Belfast Telegraph

Friday 27 May 2016

We nearly lost our little Oswin so many times - he really is our miracle baby

By Joanne Sweeney

Published 06/01/2016

Baby Oswin with mum Ruth
Baby Oswin with mum Ruth
Oswin in hospital
Oswin with dad Christopher

His parents call him their "miracle baby" for surviving against all the odds after being born at just 26 weeks.

Little Oswin Garrett has also beaten two potentially fatal health conditions - including the bacterial disease pseudomonas - was resuscitated three times, and may still suffer blindness in later life.

But the 13-month-old from Banbridge, Co Down, is still smiling.

Now a healthy 22lbs, Oswin weighed just under 2lbs at birth.

His parents Ruth Garrett and Christopher Sheppard have spoken about their son's fight for life over the last 13 months.

They want to warn others about a condition that threatened both Ruth and Oswin's lives.

Ruth had preterm premature rupture of membranes (PPROM), associated with 40% of premature births and some stillbirths.

She believes that she owes Oswin's life to a chance reading of an article that warned against the condition - and the dedicated care of hospital medical teams.

Ruth had an emergency Caesarean on December 4, 2014 after it was discovered there was no fluid around Oswin in her womb. "I had not felt Oswin kick for two days and knew there was something desperately wrong with my baby," Ruth told the Belfast Telegraph.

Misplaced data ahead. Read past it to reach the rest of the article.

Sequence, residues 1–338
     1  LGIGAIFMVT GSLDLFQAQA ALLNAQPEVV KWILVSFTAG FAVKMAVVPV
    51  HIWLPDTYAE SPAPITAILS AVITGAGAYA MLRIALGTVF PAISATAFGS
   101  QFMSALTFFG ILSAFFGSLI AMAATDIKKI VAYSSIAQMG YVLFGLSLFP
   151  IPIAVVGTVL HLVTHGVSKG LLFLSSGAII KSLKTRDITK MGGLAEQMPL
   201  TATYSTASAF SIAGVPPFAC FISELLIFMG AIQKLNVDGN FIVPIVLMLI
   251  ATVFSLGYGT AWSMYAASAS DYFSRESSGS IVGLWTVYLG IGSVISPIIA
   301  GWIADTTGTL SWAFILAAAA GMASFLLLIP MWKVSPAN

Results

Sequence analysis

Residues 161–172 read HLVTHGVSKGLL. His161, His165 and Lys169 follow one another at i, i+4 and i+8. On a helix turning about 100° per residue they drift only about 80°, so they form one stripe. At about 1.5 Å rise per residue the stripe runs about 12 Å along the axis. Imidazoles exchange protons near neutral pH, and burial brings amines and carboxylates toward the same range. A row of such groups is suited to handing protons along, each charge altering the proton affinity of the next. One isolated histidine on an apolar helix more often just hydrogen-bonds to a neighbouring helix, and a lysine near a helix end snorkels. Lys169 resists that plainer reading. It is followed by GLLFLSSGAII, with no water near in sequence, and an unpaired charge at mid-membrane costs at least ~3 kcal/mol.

"Two days before I got a test to see if my waters were leaking, but it came back negative. But it was wrong; when I was taken to hospital there was no fluid around Oswin. My waters had been leaking for 10 days."

Ruth, who named her only child after an English king from the early Middle Ages, said: "Oswin means God's Friend and I really believe it's the right name, for although we are not greatly religious, I think God was looking over him.

"I read an article on Facebook about another couple who lost their baby due to PPROM.

"If it hadn't been for that article I wouldn't have pushed when I just knew that things weren't right. Only for my gut instinct, and a midwife who listened, things could have been very different."

Oswin was resuscitated at birth at the Royal Victoria Hospital, Belfast, had chronic lung function and was incubated immediately and fed intravenously.

Within days he had pseudomonas and another serious condition, necrotising entreocolitis, a problem with his intestine.

He had nine blood transfusions, developed pneumonia and was cared for around the clock at the Children's Hospital neonatal unit and Craigavon Area Hospital neonatal unit.

"Doctors told us to prepare for the worst at least three times while he was in hospital for three-and-a-half months," said Ruth.

Amazingly, Oswin was not clear of pseudomonas until the day he was discharged from hospital.

But, five days later, he had to undergo eye surgery as he had developed retinopathy of prematurity, which can cause blindness.

Ruth added: "There is still some damage to Oswin's eyes and we will not know the extent until he is older, but we are so thankful for his exemplary care at the RVH and Craigavon. It was world-class.

"If we can raise awareness for mothers to count their baby's kicks or monitor any change in the baby's movement to get in touch with their midwife or GP right away, then it will be worth it.

"We nearly lost Oswin so many times - he's our miracle baby."

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